I listen to the wind
Change is blowing through my windows. This week will be the last week of Carly’s Cupboard. Alice is going on a cycle break and will resume in mid July but I will be closing up shop.
This project was always meant to be ephemeral, and while I thought I’d make it to the fall, pressures to make space for what’s sprouting out of my graduate studies has become too great. I’m feeling really excited to keep walking the path of an herbalist, integrating my 10+ years of experience working with plants and cooking, with my new found passion for Functional Nutrition. I know at some point I’ll teach again or host another feast, but for now I’m surrendering to the work of a clinician with full focus. I may still continue writing through this time, because what wants to flow must flow, but not with the same regularity as this newsletter. How that will look is yet to be revealed to me.
Cooking for you this last year buoyed my spirits and kept me anchored to the earth and seasons. Your praise and kind feedback made it all worth it. Thanks for your adventurous palates and spirits. This was a truly experimental project and your willingness to explore made it happen! Your support helped me grow as a cook and as a person.
A hundred strong chorus of singing whales could not begin to offer my thanks for Alice and the last 11 years of her mentorship, generosity, and friendship. She opened her doors and heart to me in the widest way possible. Her guidance and wisdom has led me through major challenges and helped me persevere. She shared her kitchen with me, let me buy ingredients from her, packed and delivered my food, sanitized the jars, hugged me when I’m exhausted and tearful, accepted my enormous vessel collection into her home, and nourished me with an endless stream of wholesome food. Alice is a master of leading with the heart, has impeccable spatial reasoning, and knows how to charm a crowd---features beloved inside the kitchen and out. She’s been one of the most influential people in my life and I know will continue to be. If I could get one thousand bears to give her the safest, warmest hugs right back, I would.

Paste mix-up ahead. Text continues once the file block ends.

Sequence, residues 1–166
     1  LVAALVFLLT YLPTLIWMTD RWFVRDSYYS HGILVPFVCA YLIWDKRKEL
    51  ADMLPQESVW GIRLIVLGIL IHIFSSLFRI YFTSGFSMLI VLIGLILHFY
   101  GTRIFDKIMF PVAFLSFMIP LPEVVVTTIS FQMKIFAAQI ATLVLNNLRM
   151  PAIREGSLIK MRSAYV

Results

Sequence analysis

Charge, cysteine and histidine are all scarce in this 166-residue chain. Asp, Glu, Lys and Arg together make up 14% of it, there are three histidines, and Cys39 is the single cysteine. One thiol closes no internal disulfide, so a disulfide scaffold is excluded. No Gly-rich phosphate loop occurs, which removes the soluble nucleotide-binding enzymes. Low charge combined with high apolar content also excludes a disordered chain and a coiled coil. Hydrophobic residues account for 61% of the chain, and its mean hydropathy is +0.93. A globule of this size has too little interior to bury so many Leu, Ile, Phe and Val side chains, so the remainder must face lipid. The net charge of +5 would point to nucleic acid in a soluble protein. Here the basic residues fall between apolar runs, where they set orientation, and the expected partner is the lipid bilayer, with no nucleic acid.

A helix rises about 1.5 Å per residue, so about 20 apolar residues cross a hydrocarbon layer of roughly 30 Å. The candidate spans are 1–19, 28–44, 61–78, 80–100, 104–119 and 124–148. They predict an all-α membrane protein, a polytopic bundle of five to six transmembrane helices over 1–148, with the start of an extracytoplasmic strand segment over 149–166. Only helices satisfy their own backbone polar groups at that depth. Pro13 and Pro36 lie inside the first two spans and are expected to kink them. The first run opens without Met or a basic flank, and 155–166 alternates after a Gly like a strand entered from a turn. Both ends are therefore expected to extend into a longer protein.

We’re ending on a familiar note with some of the staple snacks and a little rose lemon curd to start the summer on a bright note.
About 15 years ago, while driving on 116 near Umass, I spotted a snapping turtle lumbering across the road so, of course, I stopped. I was only 20 and this being my first snapping turtle rescue, I wasn’t making much progress. We were locked in a dance of mirroring fierceness. Cars were whizzing around us and soon a cop pulled over, shouting at me, “What are you doing?!” After explaining the obvious, he offered his cynical take I will never forget, “the snapping turtles don’t stop for you, so you shouldn’t stop for the snapping turtles!”
Last week careening down Route 2 mid-state, where the lanes are double and busy with traffic, I saw what looked like a hubcap in the middle of the road. Great, I’ll just center my car so my wheels don’t hit it, I thought, as it was a bit too close to change lanes. Suddenly I saw what was actually a huge snapping turtle thrashing his head in a battle pose just as my low-rider Prius made audible contact with his shell. There was no shoulder to pull over, no looking back, just that image of the turtle with no chance, going down fighting.